Zwolinski makes a good case for avoiding policy that is intended to help, but harms instead. Please help him spread the word.
A small study recently published in the journal Symbolic Interaction examines why many Americans hate paying taxes. DUH! It’s because they are selfish and greedy, right? Well, maybe, but that’s not what the haters think –
“In essence, middle-class Americans, the results suggest, see taxes as a means of robbing hardworking citizens of their dignity.
The participants “portray taxation as a threat to the moral order because they believe taxes deprive deserving hardworking middle class people of dignity, while rewarding others who are undeserving (both rich and poor)… “
I haven’t looked at the study in any detail, so for all I know it’s just more of the same old junk science that permeates our lives. But if it’s not accurate, it should be. It should be obvious to all of us, Canadian and American, that it is immoral to seize the possessions of one group and hand them over to another. The fact that it isn’t suggests we suffer from a massive character deficit, and libertarians might be wise to focus more on making the moral arguments rather than the economic arguments.
According to information on the Facebook group ‘Help Save Souris Dialysis‘,11 patients residing in and around the town of Souris, Prince Edward Island, may be losing perfect access to their dialysis sessions. At Liberty PEI, Libertarian Book Club member Ashley Johnston offers a libertarian critique of the group’s view regarding healthcare entitlement. Here’s a taste –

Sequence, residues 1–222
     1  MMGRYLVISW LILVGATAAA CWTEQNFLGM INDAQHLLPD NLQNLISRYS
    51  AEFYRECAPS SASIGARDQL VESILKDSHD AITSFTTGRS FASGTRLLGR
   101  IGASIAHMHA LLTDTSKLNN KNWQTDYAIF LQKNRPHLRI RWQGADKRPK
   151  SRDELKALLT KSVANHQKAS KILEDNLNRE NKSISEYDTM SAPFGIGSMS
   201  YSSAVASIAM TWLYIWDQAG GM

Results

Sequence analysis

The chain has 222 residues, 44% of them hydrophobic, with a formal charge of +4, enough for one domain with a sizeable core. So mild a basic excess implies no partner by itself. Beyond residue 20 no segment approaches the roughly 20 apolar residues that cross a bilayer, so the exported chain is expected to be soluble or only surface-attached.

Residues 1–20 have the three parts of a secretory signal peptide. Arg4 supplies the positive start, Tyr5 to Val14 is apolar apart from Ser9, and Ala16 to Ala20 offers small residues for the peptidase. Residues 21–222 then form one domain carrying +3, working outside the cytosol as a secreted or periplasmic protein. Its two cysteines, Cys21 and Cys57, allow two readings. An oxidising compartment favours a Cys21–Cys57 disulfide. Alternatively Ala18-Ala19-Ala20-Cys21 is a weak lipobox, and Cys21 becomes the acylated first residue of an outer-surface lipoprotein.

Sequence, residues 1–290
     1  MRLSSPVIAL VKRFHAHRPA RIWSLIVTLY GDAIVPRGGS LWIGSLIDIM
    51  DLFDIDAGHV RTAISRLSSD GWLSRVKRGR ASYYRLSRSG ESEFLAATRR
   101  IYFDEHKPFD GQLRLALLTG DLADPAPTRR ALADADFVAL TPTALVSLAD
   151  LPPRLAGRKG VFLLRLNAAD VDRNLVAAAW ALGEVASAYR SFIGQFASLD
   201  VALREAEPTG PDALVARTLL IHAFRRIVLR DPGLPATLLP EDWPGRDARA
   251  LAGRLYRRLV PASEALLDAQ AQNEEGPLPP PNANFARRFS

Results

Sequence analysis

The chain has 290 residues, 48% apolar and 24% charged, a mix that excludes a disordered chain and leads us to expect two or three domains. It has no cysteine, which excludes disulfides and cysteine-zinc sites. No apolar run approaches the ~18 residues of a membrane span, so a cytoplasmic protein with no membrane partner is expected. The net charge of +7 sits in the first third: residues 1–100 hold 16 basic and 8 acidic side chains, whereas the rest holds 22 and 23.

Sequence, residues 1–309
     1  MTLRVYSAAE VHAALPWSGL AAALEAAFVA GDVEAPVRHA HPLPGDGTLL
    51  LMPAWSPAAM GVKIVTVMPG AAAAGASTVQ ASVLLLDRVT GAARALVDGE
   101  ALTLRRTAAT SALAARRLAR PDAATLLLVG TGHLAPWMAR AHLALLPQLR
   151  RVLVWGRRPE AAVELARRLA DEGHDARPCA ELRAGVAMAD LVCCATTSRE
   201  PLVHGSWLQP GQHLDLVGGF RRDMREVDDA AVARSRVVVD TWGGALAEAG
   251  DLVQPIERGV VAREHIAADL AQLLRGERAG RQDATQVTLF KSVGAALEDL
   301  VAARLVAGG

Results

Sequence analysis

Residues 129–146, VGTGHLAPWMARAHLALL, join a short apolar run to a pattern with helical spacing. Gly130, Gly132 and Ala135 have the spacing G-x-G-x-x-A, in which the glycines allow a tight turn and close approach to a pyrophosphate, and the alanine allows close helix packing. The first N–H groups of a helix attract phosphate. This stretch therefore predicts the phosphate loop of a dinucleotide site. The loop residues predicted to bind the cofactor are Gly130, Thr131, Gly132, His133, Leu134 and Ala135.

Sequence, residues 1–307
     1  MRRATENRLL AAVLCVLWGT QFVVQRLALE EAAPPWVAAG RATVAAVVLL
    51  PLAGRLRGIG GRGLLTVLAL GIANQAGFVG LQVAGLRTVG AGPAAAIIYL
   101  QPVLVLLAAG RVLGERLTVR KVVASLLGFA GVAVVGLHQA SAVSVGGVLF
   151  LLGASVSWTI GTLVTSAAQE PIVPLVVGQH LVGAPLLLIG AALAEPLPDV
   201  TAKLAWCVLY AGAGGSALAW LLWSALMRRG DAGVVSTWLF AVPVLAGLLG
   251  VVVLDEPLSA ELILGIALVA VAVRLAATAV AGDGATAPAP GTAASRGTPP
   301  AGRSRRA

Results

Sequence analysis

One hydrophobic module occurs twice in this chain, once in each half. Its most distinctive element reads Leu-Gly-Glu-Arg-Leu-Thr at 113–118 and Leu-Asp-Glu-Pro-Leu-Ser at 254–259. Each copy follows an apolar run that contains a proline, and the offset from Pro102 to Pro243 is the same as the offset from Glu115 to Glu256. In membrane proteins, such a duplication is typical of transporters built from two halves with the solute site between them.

“Words have meaning and the above quote (we ALL deserve nothing but the best healthcare) means that we should all get all treatments available. Even if all of the communities resources paid for nothing else, no food, no shelter, no roads, and all of that money was put into healthcare there would still be treatments that we could not afford. So then let’s even take away the hyperbole and revise the statement to read, ‘we all deserve the healthcare we can reasonably afford.’ Assuming you could find a bureaucrat with enough ‘reason’ to handle my money wisely (I won’t hold my breath), this still fails morally because of coercive taxes, and still has to be shown to be the optimum method of saving lives.”